Five Ways Wearable Devices Will Change Personal Health
Current trends like Fitbit and Apple Watch are already having a significant impact on our lives. Whether these devices are helping us be healthier or more efficient, they are all considered wearable devices, and experts are predicting a sizable boom in this market in the coming years. Here are five ways wearable devices will change personal health:
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Gartner Inc. has forecast that 274.6 million wearable devices will be sold worldwide in 2016. If the current market trends are any indication, then the majority of those devices will be designed to transform personal health. Here are five examples of how wearable devices will do just that:
5. Monitoring Diabetes: Researchers from the Institute for Basic Science in Seoul, South Korea, have created a dual patch to help diabetics monitor their blood glucose levels. The device replaces the need for diabetics to prick their fingers to test their blood’s glucose level. Instead, it monitors the wearer’s glucose levels by analyzing sweat. If high levels of glucose are detected, the patch releases a drug to help lower it, giving diabetics an easy, pain-free way to monitor their health.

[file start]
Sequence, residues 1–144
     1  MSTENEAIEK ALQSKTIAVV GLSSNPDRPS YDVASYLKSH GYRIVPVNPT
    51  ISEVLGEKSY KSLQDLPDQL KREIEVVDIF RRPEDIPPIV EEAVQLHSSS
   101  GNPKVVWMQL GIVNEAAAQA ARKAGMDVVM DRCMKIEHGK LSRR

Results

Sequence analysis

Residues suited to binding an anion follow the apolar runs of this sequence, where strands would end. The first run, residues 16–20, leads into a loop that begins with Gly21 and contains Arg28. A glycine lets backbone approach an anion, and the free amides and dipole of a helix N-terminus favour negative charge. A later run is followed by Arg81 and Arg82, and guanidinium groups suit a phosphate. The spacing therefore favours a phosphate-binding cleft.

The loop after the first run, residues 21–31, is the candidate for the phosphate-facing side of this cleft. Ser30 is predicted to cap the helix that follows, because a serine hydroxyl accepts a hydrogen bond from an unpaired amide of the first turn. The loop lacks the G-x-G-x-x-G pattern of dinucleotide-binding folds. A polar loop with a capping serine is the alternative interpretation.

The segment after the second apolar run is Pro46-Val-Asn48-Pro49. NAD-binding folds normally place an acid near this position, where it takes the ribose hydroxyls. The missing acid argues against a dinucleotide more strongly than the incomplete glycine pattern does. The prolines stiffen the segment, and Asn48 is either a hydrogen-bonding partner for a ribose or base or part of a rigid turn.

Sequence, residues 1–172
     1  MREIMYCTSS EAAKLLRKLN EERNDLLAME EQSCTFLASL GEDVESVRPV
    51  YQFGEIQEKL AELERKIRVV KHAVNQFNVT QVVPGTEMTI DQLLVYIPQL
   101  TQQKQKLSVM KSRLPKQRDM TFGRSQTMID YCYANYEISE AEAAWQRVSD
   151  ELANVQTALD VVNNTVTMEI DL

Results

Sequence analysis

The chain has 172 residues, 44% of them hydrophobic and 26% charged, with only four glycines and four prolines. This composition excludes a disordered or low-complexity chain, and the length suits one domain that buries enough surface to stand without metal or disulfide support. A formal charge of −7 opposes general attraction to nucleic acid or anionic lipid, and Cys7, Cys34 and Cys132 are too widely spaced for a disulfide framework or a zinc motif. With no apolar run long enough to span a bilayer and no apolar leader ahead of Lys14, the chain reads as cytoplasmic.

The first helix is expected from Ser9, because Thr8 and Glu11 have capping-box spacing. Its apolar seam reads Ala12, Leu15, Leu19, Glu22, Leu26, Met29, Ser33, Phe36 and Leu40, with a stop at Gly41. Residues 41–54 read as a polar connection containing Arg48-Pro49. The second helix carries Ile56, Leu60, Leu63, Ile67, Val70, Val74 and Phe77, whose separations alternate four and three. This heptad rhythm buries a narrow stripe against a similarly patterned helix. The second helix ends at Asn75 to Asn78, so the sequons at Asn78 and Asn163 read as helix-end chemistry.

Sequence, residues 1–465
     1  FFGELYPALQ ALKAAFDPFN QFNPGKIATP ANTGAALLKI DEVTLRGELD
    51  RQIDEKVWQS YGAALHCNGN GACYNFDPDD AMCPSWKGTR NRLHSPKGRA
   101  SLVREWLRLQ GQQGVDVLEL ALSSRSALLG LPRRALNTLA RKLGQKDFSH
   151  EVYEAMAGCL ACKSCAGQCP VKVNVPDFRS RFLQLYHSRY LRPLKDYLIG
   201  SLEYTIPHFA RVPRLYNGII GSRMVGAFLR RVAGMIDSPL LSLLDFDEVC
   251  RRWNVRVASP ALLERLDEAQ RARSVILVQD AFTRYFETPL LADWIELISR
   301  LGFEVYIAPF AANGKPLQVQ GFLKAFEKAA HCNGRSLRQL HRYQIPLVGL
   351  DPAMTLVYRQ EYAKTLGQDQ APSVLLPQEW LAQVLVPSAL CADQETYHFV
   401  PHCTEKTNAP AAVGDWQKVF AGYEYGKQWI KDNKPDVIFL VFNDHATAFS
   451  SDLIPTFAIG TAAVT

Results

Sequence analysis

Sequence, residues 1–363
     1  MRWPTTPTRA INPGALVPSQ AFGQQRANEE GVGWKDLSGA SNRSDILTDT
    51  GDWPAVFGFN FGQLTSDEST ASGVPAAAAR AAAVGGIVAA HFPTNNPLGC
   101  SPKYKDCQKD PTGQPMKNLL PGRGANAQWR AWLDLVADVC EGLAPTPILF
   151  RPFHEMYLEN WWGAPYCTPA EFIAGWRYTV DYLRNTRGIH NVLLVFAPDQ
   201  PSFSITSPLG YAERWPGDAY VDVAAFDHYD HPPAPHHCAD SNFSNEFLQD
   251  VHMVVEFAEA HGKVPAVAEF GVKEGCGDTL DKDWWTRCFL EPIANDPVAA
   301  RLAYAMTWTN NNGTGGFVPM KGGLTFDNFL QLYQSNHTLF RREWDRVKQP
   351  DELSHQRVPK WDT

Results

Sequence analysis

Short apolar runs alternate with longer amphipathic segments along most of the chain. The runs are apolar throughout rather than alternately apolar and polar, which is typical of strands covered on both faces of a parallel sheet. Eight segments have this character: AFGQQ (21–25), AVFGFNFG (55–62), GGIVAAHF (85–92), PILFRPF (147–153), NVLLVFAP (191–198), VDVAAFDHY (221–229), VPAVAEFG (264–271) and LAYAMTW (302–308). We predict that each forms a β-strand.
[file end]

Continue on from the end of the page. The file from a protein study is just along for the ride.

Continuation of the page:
4. Brain Wearables: EEGs or Electroencephalograms are wearable devices designed to detect and measure brain activity. They are usually deployed to measure frequencies during specific times like sleep or stressful events. These wearable devices will help doctors “read” your mind.
3. Monitoring the heart: ECGs are Electrocardiograms; these devices record electronic activity in the heart via external electrodes placed on the skin. Many also believe that in the future, the heartbeat profile of the user can be used as a biometric password through a sensor placed in a smart watch or other devices. This could do away with credit cards, keys, and tickets, providing new meaning to having a key to someone’s heart.
2. Nanosensors: Scripps Health is currently working on a nanosensor that can be injected into the bloodstream, which will provide a live glucose reading and transmit them wirelessly to a smartphone app. This is just one of the many ways that nanosensors could be deployed to monitor a person’s health.
1. Wearable Circuit Board Tattoos: Tech tats are peel-and-play biometric wearables that utilize special conductive ink and biosensors to monitor a person’s vital signs. This information can be sent to directly to a user’s smartphone or health care professional.
There is no doubt that the next major evolution of smart technology will come in the form of devices like these. However, the future of wearable device technology is dependent on the number of qualified electrical engineers available to help with development. To learn more about how you can impact the future through an exciting career in electrical engineering fill out the form below.